Died February 13, 1954. She was the only woman elected to the Canadian
parliament in 1921 when women first
had the right to vote for parliament.
She was the 1st woman to sit in the House of
Commons as a Member of the Canadian Parliament. The 1st woman to inspect
Kingston Penitentiary, which left her with a lifelong advocate for
better conditions of women in prison. She was the founder of the Elizabeth Fry Society
of Canada which even today works to give help to women in need.
Born 1891. Died 1950.
Born in the United States her Italian immigrant family moved to Toronto
Canada when Grace was about 5 or 6 years old. It was in this city
20’s, 30’s and 40’s that Grace would become known to many immigrant
Canadians who needed help. She learned their languages in order to help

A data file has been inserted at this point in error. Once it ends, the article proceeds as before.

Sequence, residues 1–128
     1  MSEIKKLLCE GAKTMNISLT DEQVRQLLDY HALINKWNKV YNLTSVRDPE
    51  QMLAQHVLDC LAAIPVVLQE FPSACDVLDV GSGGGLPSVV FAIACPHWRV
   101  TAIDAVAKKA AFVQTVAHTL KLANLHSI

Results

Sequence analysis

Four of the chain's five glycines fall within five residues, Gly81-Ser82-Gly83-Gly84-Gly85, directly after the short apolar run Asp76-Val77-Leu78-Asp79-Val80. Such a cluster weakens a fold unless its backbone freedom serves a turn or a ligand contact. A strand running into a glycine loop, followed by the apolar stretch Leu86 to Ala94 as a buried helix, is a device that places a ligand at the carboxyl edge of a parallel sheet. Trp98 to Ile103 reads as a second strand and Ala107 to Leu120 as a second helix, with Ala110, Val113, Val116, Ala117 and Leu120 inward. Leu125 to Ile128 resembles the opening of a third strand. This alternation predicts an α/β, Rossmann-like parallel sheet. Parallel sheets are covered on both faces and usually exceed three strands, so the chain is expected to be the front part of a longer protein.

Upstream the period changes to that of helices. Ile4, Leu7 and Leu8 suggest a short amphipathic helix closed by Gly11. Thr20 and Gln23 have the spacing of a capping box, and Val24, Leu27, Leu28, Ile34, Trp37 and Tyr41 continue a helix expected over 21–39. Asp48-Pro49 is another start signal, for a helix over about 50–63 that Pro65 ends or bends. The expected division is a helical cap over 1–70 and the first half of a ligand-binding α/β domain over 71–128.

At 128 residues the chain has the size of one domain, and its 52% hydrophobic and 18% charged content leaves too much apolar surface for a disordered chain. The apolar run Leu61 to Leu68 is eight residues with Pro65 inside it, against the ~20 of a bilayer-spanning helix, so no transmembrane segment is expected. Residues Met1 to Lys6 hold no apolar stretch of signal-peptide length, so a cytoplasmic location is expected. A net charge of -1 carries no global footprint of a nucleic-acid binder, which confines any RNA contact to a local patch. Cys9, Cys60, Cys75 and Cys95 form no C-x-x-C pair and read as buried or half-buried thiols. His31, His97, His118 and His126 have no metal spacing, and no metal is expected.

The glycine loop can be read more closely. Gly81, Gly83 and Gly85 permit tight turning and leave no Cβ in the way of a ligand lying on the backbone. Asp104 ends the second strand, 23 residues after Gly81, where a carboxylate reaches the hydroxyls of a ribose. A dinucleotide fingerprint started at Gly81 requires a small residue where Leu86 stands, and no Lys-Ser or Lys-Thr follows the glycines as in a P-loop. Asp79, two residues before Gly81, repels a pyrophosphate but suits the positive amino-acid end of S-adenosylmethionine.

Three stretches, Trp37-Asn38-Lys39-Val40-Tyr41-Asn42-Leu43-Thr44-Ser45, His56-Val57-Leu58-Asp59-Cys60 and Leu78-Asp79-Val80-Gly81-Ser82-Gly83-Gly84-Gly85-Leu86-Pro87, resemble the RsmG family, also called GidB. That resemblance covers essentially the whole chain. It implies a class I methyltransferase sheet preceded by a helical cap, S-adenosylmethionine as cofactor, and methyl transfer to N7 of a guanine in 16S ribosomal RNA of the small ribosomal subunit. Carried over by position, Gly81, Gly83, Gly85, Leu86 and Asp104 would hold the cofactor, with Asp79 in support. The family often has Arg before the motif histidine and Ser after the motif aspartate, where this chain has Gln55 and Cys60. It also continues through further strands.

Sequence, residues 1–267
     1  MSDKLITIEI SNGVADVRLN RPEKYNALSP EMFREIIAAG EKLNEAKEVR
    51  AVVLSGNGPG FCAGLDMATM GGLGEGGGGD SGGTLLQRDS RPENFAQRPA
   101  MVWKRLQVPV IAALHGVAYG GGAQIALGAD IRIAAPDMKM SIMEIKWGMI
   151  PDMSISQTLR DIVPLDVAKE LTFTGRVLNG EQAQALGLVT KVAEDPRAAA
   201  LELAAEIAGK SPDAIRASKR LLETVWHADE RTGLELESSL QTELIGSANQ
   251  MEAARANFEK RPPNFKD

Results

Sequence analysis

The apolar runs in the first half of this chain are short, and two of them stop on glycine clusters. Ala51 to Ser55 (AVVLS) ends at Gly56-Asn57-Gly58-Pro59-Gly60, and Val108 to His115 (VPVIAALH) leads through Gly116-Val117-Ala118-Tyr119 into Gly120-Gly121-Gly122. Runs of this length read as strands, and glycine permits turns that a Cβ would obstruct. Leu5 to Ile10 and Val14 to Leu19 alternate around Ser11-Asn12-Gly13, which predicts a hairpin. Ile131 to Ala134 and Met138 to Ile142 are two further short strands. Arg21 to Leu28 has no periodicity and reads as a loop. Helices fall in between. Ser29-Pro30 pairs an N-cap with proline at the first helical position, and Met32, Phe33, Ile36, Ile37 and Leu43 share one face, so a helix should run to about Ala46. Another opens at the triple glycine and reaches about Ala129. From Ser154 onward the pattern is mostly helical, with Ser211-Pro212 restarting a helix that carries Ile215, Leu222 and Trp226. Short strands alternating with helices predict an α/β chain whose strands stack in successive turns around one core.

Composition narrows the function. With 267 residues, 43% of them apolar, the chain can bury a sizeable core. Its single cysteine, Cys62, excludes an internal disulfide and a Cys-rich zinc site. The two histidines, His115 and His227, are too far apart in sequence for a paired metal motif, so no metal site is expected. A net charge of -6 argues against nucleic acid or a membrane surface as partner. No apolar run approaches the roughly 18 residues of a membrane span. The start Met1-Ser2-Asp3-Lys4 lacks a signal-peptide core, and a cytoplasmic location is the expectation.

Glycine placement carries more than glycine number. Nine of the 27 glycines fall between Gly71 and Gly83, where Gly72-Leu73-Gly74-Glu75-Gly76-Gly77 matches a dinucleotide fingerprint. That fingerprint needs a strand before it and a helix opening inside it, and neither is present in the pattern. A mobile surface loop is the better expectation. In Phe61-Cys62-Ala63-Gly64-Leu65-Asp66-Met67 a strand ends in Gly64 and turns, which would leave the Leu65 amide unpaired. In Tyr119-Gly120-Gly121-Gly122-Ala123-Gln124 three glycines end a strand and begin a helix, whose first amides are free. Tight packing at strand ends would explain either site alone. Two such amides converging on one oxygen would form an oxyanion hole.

them and to communicate with them. She went to court with them to help
them get the best justice their new home could offer.
She was the first woman to be appointed as
court interpreter. During World War II when Canadians who had
immigrated to Canada were all suspect simply because they were aliens,
Grace worked hardest making sure their needs were understood. She was a
mother of 13 children who worked hard for all the immigrants of Ward area
in Toronto. Grace St.
is a part of the acknowledged Italian district of Toronto.
Learn more about Grace Bagnato in the video recording “An Act of Grace” (A
scattering of seeds series) White Pine Pictures. You can borrow it from
your own library or through interlibrary loan.